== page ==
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Fox Medal of Honor comments are "personal view," says Government


The British Government has distanced itself from comments made by defence secretary Liam Fox, which asked UK retailers not to stock EA's Medal of Honor, calling the game - which is set in the ongoing Afghanistan conflict - "shocking".

The Department for Culture, Media and Sport pushed the comments into the unofficial space this morning.

"Dr Fox was expressing a personal view and we understand why some people might find the subject matter of the game offensive," said the department in a statement to GamesIndustry.

"Personal view"

Fox blasted the game last night, saying it shouldn't be sold.

"It's shocking that someone would think it acceptable to recreate the acts of the Taliban," said the politician.

"At the hands of the Taliban, children have lost fathers and wives have lost husbands.

"I am disgusted and angry. It's hard to believe any citizen of our country would wish to buy such a thoroughly un-British game. I would urge retailers to show their support for our armed forces and ban this tasteless product."

The game allows you to play as the Taliban in multiplayer.

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EA responded, speaking to the Sunday Times: "The format of the new Medal of Honor game merely reflects the fact that every conflict has two sides.

"We give gamers the opportunity to play both sides. Most of us have been doing this since we were seven: someone plays the cop, someone must be robber.

"In Medal of Honor multiplayer, someone's got to be the Taliban."


The publisher has further pushed back against the story this morning, claiming the Sunday Times's report was incorrect in that British soldiers don't feature in the game at all.

“Medal of Honor is an 18-rated highly authentic depiction of the soldier's experience in Afghanistan – matching US forces against the Taliban in today's war,” an EA spokesperson told VG247.

“Multiplayer combat is a long-standing, common and popular feature of video games. In multi-player, teams assume the identities of combatants on both sides of the conflict. Many popular videogames allow players to assume the identity of enemies including Nazis and terrorists. In the multi-player levels of Medal of Honor, teams will assume the identity of both US forces and the Taliban.

“The Sunday Times and other media stories on Medal of Honor contain inaccuracies. For one, Medal of Honor does not allow players to kill British soldiers. British troops do not feature in the game.”

"Clear choice"

The Department for Culture, Media and Sport added that systems were already in place to monitor games content in the UK.

"There is a ratings system in place which exists to categorise games appropriately, in this case the game in question is rated 18 so should only be sold to, and played by, adults.

"There is a clear choice for consumers which they can exercise when making decisions about purchasing videogames."

"Daily sacrifices"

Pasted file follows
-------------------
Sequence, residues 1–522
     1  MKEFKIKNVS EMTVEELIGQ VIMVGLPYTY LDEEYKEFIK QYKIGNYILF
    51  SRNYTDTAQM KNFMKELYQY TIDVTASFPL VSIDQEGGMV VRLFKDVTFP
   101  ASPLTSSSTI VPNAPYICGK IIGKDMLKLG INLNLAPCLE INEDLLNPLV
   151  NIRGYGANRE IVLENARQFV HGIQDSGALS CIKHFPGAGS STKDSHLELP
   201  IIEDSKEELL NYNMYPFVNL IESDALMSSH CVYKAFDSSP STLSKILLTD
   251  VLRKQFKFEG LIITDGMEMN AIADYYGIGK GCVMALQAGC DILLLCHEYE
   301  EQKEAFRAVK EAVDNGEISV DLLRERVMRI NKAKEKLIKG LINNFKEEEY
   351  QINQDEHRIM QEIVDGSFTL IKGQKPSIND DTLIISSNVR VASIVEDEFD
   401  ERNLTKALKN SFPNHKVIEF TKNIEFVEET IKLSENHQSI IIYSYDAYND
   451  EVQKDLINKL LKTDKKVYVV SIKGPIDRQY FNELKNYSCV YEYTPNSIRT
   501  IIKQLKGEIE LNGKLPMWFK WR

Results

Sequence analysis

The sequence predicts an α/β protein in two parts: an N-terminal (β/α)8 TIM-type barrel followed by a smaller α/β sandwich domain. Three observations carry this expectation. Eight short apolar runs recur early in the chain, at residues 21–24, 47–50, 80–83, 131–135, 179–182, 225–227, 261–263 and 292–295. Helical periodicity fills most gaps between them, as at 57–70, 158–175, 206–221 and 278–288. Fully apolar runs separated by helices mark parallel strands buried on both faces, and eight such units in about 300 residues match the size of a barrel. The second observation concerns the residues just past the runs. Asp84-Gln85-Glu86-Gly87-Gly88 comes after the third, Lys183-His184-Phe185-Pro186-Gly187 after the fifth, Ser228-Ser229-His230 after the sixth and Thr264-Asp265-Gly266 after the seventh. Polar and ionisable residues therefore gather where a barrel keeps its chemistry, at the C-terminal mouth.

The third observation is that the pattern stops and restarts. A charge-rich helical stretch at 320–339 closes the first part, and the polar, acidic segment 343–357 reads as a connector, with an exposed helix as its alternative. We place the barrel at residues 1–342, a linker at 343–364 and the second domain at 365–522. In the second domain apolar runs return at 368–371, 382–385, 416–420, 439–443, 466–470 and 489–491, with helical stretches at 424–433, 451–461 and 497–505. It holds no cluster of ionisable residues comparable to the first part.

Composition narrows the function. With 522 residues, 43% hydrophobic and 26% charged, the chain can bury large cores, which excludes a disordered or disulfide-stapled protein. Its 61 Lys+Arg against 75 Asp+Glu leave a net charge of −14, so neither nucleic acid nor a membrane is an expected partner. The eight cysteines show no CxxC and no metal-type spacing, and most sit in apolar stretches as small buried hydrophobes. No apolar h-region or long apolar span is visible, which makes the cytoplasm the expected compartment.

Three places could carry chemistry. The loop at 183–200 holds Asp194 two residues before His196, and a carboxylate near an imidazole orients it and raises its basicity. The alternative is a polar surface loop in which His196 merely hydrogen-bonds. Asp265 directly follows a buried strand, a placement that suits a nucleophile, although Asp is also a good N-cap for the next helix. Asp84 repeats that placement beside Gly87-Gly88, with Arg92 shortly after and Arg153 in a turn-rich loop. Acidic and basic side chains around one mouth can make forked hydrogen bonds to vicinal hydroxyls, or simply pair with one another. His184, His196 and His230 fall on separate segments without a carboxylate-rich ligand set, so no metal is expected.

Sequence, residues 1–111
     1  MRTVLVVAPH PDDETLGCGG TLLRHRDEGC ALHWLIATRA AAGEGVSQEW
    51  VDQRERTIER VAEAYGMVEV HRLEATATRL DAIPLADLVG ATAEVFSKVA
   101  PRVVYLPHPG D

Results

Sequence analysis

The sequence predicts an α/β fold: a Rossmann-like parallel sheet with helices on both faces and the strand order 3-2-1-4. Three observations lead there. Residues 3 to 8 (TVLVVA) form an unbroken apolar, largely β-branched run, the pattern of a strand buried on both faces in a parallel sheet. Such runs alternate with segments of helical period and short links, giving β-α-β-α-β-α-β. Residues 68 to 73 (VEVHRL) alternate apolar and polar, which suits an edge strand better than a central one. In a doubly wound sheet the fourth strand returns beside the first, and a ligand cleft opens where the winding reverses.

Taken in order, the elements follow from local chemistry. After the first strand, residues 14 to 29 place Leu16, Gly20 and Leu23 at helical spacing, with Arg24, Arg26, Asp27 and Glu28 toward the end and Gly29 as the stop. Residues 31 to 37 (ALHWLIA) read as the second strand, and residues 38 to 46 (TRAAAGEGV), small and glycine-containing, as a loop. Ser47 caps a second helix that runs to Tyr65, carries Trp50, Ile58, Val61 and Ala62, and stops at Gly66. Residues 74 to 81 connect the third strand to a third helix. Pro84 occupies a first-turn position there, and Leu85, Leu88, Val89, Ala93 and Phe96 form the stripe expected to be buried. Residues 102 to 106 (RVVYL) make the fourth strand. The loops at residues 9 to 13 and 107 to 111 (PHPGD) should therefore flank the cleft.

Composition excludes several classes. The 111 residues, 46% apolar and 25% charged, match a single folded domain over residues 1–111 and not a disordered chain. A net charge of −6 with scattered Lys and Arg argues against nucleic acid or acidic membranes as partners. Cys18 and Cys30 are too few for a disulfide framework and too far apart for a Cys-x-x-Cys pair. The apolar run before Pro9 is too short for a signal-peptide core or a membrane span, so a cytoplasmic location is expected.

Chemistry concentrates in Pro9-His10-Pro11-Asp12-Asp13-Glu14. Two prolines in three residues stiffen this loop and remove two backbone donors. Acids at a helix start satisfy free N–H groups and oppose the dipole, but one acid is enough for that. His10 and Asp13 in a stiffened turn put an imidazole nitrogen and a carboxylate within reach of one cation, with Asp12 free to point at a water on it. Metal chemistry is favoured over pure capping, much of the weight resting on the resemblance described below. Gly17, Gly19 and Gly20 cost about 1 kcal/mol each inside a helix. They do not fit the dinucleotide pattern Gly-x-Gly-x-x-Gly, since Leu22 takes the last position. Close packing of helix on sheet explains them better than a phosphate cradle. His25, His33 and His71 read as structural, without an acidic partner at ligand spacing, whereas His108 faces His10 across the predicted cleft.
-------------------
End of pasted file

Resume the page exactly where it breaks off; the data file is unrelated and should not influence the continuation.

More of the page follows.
Initial signs from retail indicate that, very obviously, this entire affair will be tomorrow's chip paper.

“ShopTo fully supports and commends the bravery of the British Soldiers fighting in all conflict areas, including Afghanistan and would never condone anything that disrespected the daily sacrifices they provide to the British people,” ShopTo PR and marketing manager Phil Driver told MCV.

“As a retailer follows all official government policy regarding the sale of video games. In the case of of Medal of Honor no other government decision has been made other than its PEGI classification of 18, which we have on the game. Should a ban be introduced based on a government decision we will of course stop the selling the game.

“Whilst we are aware that Defence Secretary Fox has a grievance that we understand, we have received no other similar feedback from our customers. The Medal Of Honor series is exceptionally popular amongst gamers and as stated in a response by EA, which we agree with, has always had teams of opposing forces in its content.”

"Hard little f**kers"

Hank Keirsey, a US military advisor with 24 years experience, added his tuppence, saying the media was incorrectly linking the Taliban with al-Qaeda.

"Those are hard little f**kers," Keirsey told Eurogamer of the Taliban.

"From a soldier perspective, I gotta admire certain qualities in those guys. They're not fighting for Al-Qaeda. Maybe one or two of them is. Most of them are fighting 'cos they've always fought.

"They've got what someone told them is a foreigner in town. They're gonna come down from the mountains with their little AKs and rally with other guys and try to beat the foreigner out of there.

"You gotta get into your enemy's mind set. There's courage on both sides.

"[The media is] making a connection that these are the guys that cut the heads off of women and kids in the night, then the next thing they do is climb into an aeroplane and fly into our buildings. That's not necessarily the case."

Medal of Honor, BBFC 18 rating and all, ships for PC, 360 and PS3 on October 15.

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